As we’re nearing election day, the news about COVID-19 has waned for a saturation of political coverage highlighted by a few political bombshells.
(if you’re reading this you better be registered to vote. You can do it online!)
There’s the story about Omaha being a potential election decider that keeps gaining steam and President Donald Trump paid way less in taxes than your average middle-class Nebraskan. But what role does the virus play in the election?
A big one.
Whether we’re talking about how we vote (the shift from in-person to mail-in voting) or the basic threat it plays to democracy as nearly two-thirds of Americans believe it will disrupt the election, according to Pew Research Center. But there’s also the issues of inequity highlighted by COVID-19 that have galvanized some voters.
The hardest-hit zip code in Douglas County has thousands more confirmed cases than the next highest county. Zip code 68107 in South Omaha is home to many Hispanic people, who are overrepresented in COVID-19 cases compared to their portion of the population. The area is also in direct proximity to many of Omaha’s meatpacking plants, which have long been a nexus for the virus’ spread.
Meanwhile unemployment is also starting to show disparities. While most people are returning to work, Black Nebraskans are five times more likely to be unemployed, according to data from the Nebraska Department of Labor. That’s a big change from early in the pandemic when all races shouldered the burden of the economic downturn relatively even, compared to their shares of the population.
In talking to voters in that area for an upcoming story (online and in newsstands Thursday), many people did think about COVID-19 and the effect it’s had on their community as a reason to vote. That goes in tandem with issues of racial justice that have arisen and the renewed conversation among the general public that the conversation should focus on housing, food security and community services.
To be fair, most people didn’t get so down in the weeds. While it flavored their opinion, the meat and potatoes of their political leanings were rooted in big issues like the president and the direction of this country, like almost every other American, I imagine. But still, hard to deny that COVID-19 will have a presence in the polling booth this fall (hopefully only metaphorically and also uhhhhh please don’t vote in person if you can help it??).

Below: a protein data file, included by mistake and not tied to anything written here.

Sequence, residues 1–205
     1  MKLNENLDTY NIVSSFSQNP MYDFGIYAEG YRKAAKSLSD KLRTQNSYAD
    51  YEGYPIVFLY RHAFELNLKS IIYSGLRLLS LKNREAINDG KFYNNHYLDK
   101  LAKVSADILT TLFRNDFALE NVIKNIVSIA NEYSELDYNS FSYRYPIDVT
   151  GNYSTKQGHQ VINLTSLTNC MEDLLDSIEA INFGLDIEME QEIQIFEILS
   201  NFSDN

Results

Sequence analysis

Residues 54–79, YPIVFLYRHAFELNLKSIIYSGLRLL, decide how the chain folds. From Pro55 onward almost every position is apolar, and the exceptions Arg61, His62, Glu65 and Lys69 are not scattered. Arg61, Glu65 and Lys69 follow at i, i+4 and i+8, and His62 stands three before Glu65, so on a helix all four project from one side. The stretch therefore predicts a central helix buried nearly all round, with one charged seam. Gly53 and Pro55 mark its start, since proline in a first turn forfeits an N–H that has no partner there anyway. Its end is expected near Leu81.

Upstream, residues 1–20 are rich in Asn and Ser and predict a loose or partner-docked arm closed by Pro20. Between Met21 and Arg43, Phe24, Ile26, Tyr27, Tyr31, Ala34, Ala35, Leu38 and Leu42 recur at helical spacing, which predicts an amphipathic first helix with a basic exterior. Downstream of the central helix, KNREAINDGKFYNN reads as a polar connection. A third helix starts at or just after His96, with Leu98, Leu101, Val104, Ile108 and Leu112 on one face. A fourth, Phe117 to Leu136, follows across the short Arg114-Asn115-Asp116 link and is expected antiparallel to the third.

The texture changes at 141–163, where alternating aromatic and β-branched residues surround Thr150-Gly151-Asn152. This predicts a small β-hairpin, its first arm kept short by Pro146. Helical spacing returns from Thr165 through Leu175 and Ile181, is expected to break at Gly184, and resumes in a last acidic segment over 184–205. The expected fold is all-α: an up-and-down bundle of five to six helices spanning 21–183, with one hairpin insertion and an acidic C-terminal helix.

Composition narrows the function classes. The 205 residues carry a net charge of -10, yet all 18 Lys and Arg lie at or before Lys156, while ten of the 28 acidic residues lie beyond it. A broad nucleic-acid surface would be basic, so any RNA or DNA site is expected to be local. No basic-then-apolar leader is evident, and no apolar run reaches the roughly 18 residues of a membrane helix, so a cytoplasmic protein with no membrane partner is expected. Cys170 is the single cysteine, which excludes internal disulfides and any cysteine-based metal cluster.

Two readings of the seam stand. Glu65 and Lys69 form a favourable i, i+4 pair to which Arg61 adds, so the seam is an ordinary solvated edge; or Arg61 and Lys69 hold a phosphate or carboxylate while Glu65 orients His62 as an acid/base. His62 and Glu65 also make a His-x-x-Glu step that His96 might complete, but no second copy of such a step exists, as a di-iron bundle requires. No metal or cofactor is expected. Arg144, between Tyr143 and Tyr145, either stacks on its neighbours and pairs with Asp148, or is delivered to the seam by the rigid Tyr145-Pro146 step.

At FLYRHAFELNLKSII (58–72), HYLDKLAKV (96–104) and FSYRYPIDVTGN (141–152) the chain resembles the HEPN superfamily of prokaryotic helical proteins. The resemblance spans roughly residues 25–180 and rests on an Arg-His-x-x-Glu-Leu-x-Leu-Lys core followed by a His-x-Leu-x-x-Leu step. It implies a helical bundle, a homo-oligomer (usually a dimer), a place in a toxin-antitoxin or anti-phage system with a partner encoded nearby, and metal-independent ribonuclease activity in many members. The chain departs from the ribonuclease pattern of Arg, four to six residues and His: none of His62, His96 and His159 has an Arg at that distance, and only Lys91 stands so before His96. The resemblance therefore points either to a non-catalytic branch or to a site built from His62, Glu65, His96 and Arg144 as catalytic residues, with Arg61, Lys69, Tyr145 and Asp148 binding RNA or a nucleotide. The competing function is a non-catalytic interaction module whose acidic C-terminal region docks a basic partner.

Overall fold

Its role may only intensify as the days draw nearer too.
Nebraska is experiencing its worst caseloads since the early days of the pandemic, and we seem on track to surpass even that.
Statewide the seven-day average for cases hit 425 yesterday. The current peak is 437, which Nebraska hit on May 6. The latter number is also influenced by a few outliers which, if removed from the data, would probably reduce that number. The increase also comes at a time when statewide testing has fallen off and the positivity rate keeps getting higher. The seven-day average for yesterday was 13.4%–also the highest it’s been since May.
All of this and we’re still in Phase 4 of the reopening process, which one could argue is a bit of a misnomer because it feels like we’ve been reopened for months. Of course there used to be restrictions for bars, restaurants, tattoo parlors, hairdressers, ect. Now there’s none, aside from local mask mandates of course, and bigger venues are having crowds again.
What a crazy time right?
There’s hope though in focusing on the things we can control. We can vote, we can wear masks and socially distance, we can educate those around us.
In that same vein (shameless plug time) you can support local journalism like the kind you’re reading right now! By subscribing to The Reader, you’re supporting stories that target social inequities with solution-based stories as well as daily coverage like my COVID-19 data page or this weekly column. Of course there’s also loads of cultural coverage every month and daily online that cover food, theater, music and a variety of other topics.
And if you can’t subscribe now and just want to share the good word by Tweeting out some stories or sharing them on Facebook, that’s just fine too. You can also share our effort to tell the stories of those we’ve lost to COVID-19. As of this morning 470 people have died due to the virus.
We know so little about so many of them. If you know someone who’s passed or would be willing to call on others to share their stories, we’d greatly appreciate it.
These are crazy times indeed. However, if this summer has taught us anything. There is strength in numbers and there is hope in influencing change by making your voice heard. So whatever your leanings are, just get educated and get involved. Don’t stand on the sidelines and let others decide your community’s direction for you.